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On September 5, Ottawa City Council’s Finance and Corporate Services Committee met to discuss the shape of the 2024 budget—also known as “budget directions.” This was the first formal, public step in deliberations for the budget, which will be tabled to Council on November 8. The directions were approved with votes in favour by Mayor Mark Sutcliffe and 11 councillors after a presentation from city staff and public delegations.
Decisions were made during this meeting that have great restrictions on what the next year will look like for Ottawa’s financial capabilities. Firstly, a maximum municipal tax increase of 2.5% was set. Keeping in mind that this tax is where the City of Ottawa gains most of its funding for essential services, it is a limiting budget. During a time where we are facing worsening crises of the climate, housing, and cost of living, an austerity budget will struggle to meet the challenges of the coming year.
Notably absent in this five-hour long meeting was discussion of the impacts of climate change and our natural environment. At the beginning, city staff mentioned substantially higher than average snowfall and precipitation, as well as costs of residual cleanup from the 2022 derecho. They presented these as the rationale that the 2023 Budget is projected to end in a deficit. Missing from this discussion, however, was the fact that with the worsening impacts of climate change, these phenomena are not an exception, but a new normal. The science is inarguable: for the foreseeable future, we will see increasingly extreme weather, such as torrential storms and tornadoes that Ottawa saw this summer, and with it the consequences on our infrastructure, including damages to housing and public land, storm and wastewater overflow, and public transportation breakdowns.
Despite the fact that this meeting was scheduled first thing in the morning on the first week after summer, several organizations and individuals offered public delegations that provided key insights into the needs of the city. Young community members and Horizon Ottawa brought up necessary improvements to the service and accessibility of public transportation in the city. With delegates speaking to unreliable service and some of the highest transportation fees in Canada, transportation in Ottawa needs rapid improvements. Yet, the budget directions proposed indicate a cut to the transit budget, alongside an increase in transit fees. This will only cause more people to stop using transit and force people into using private vehicles, which are one of the largest individual contributors to carbon emissions in the city, or canceling travel.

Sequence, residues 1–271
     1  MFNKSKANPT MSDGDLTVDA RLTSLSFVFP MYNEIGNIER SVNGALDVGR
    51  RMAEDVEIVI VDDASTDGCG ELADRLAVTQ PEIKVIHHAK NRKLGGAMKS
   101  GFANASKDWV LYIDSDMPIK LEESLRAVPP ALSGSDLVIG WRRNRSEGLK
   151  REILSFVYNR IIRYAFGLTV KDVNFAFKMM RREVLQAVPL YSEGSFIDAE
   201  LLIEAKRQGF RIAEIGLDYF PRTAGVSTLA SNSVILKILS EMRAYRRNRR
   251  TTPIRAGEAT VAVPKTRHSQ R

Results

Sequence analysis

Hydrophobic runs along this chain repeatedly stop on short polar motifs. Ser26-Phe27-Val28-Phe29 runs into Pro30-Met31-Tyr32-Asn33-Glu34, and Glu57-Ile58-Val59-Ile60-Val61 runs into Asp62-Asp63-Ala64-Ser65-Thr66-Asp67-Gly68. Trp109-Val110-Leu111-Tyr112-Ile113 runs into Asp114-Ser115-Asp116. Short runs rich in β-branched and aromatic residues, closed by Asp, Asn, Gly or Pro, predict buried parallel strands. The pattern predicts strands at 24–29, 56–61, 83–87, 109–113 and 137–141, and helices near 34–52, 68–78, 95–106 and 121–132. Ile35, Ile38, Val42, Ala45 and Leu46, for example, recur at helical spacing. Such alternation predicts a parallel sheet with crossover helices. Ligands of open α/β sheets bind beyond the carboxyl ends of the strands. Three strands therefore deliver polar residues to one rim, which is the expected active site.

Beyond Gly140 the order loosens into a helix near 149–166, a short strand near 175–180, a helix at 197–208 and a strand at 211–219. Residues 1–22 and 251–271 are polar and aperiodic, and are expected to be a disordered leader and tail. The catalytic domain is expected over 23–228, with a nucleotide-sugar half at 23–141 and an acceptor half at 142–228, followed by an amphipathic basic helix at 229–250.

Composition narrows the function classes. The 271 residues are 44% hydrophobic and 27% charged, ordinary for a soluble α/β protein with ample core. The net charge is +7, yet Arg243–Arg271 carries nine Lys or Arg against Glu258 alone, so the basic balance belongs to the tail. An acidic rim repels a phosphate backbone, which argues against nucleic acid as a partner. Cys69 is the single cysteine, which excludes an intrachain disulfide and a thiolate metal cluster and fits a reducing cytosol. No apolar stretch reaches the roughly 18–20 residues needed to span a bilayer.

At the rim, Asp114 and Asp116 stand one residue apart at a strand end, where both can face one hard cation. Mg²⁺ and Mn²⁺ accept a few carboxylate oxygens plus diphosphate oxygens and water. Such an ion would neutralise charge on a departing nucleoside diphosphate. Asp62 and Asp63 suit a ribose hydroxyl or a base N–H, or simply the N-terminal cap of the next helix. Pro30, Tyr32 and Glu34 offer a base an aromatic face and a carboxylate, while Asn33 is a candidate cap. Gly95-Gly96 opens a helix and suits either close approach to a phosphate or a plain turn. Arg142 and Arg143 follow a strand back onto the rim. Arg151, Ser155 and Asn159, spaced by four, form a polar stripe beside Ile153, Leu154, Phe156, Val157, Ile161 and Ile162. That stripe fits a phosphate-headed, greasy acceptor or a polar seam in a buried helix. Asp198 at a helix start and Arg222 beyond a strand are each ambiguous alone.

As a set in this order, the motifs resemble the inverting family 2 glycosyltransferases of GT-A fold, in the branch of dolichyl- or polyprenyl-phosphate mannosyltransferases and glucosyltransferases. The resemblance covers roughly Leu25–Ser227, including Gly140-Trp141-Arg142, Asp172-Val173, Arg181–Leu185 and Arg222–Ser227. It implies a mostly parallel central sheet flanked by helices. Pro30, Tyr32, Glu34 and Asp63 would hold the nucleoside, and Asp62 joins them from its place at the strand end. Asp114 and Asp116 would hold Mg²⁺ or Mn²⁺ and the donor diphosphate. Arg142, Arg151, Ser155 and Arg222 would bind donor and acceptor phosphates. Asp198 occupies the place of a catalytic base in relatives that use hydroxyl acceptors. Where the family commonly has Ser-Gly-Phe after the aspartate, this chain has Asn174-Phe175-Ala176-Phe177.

Overall, the budget directions were approved by the Finance and Corporate Services Committee with a vote of 9 for (Councillors Luloff, Dudas, Gower, Tierney, Brockington, Kitts, Darouze, Curry, and Mayor Sutcliffe) and 3 against (Councillors King, Leiper, and Menard). While there is still space for Council to make some firm commitments to climate justice and ecological responsibility, it is an austere and unambitious budget outline that leaves limited room for decisive, rapid action we need to see from our elected officials.
There are multiple ways you can get involved and let Council know what you expect to see in the budget. From September 13 to October 27, you can fill out this questionnaire to tell the City what they must prioritize in the Draft Budget 2024. Additionally, councillors will be leading public consultation sessions. Lastly, there will be continued meetings on October 3 and November 7 of the Finance and Corporate Services committee, where you can make your voice heard. Check out this website or email Ecology Ottawa for more information.
Gemma Patey is a community organizer on Ecology Ottawa's Breathe Easy campaign.